Multilateralism, Global Fair Order and Consolidations

Article

We have seen strong Muslim states destabilized, we have seen the UN Security Council role under the chapter seven of the charter undermined by the notion of so called “Coalitions of the Willing“. We have seen extension of out of area operations of NATO resulting in aggravation of regional conflicts as reflected in the recent Afghanistan crisis....

The theme of this event is intriguing: post-security geopolitics. It raises some very important questions from when do we dubbed this post security era, so called. And is there really such a phenomenon? Has there really been an end of this security centric geopolitics in to the world today. If you look at the post bipolar world, and I always prefer to use the word “bipolar“ rather than “the end of the Cold War“ as the Western analysis refer to it, but at the end of bipolarity conflicts not only continued in traditional forms but have been more and more acute and exasperated. This is under the light that we are living in an age of change, we are living in an age of change, but the change is multi-dimensional and it encompasses all aspects of our existence as individuals and the states. Rather than supplementing, or supplanting rather, security-based geopolitics the change has added and compounded the existing paradigms, making them even more complex.

We have seen strong Muslim states destabilized, we have seen the UN Security Council role under the chapter seven of the charter undermined by the notion of so called “Coalitions of the Willing“. We have seen extension of out of area operations of NATO resulting in aggravation of regional conflicts as reflected in the recent Afghanistan crisis. We have seen the rising tide of islamophobia to compensate for the old capitalist-communist ideological divide. We have seen the rise of the ultra-right in some parts of the world with a growing intolerance of the other. And we have seen a rise in the development of even more lethal weapon systems that also now are bring outer space into their domain. All these negative trends are developing at the time when the world is confronting common social problems of climate change, poverty, pandemics and lastly population displacements partially because of conflicts and partially because of poverty.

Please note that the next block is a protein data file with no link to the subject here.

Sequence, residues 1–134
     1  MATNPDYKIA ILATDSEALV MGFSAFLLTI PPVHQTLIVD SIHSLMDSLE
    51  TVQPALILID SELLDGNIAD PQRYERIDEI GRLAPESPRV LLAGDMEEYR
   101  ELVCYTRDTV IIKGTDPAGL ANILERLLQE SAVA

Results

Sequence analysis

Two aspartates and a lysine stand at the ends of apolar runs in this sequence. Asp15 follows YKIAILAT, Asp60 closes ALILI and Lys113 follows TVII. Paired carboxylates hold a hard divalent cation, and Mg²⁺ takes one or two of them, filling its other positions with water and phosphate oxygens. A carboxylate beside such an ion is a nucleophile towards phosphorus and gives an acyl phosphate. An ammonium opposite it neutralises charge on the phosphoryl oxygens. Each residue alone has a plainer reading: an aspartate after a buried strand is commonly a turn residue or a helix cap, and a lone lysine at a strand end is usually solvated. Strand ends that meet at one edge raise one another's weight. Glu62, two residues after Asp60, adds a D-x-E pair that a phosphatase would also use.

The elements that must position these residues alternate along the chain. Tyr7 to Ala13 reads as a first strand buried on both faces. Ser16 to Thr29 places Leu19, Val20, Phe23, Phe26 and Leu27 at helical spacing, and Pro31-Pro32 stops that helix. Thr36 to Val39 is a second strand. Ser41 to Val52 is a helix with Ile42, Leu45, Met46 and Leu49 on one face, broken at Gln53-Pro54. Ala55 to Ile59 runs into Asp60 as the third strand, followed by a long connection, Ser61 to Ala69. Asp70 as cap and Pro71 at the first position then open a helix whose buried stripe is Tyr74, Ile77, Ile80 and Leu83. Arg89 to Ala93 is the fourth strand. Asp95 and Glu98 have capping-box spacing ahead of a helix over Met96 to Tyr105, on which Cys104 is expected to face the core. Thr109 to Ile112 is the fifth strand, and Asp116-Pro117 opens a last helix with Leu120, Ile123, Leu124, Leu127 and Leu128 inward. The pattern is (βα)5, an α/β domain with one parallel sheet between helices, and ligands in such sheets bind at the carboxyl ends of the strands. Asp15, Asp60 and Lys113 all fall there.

The need for global cooperation to resolve common problems has never been greater than today. But the polarization and conflicts have never been more acute. The stress on the global order is increasing. Conflicts and violence have not ended. Illegal occupations continue. The commitment to democracy has been selective and sporadic. Since 1990, democracies has been responsible for more deaths globally, ironically, in the promotion of the so called democracy than any other dispensation. The self-proclaimed flag bearers of democracy are responsible for some of the most extreme violations of basic international laws. Not only that, they have become more brazen in their use of force, legislative and constitutional fraud, disinformation to not only perpetuate their illegal occupation but throw the onus on the occupied people and spread by considerations of security-based geopolitics. Other democracies who should know better, either ignore these situations or silently and sometimes not so silently encourage this behavior.

Most of the indicators that would illustrate a shift away from security based geopolitics in my view in fact suggests the other, that we have still very much rooted in the old world why we are confronted with major new problems. Multilateralism sadly is on the retreat, international organizations are losing their relevance and are being side-stepped, even undermined. Unilateralism is being maintained and mainstreamed in the international discourse or given a veneer of multilateralism outside of the framework of recognized multilateral forums like the UN. Specially the UN Security Council whose resolutions are either ignored or questioned or selectively implemented.

There are different rules for different countries in the same organizations. Goals pose a shift without regard to legitimacy or transparency. A recent case in point being the increasing politicization of artive and the violations of Article 41 of the Vienna Convention on Diplomatic Relations by states in the West who think they are above the law. All this is done to promote narrow national and strategic interests.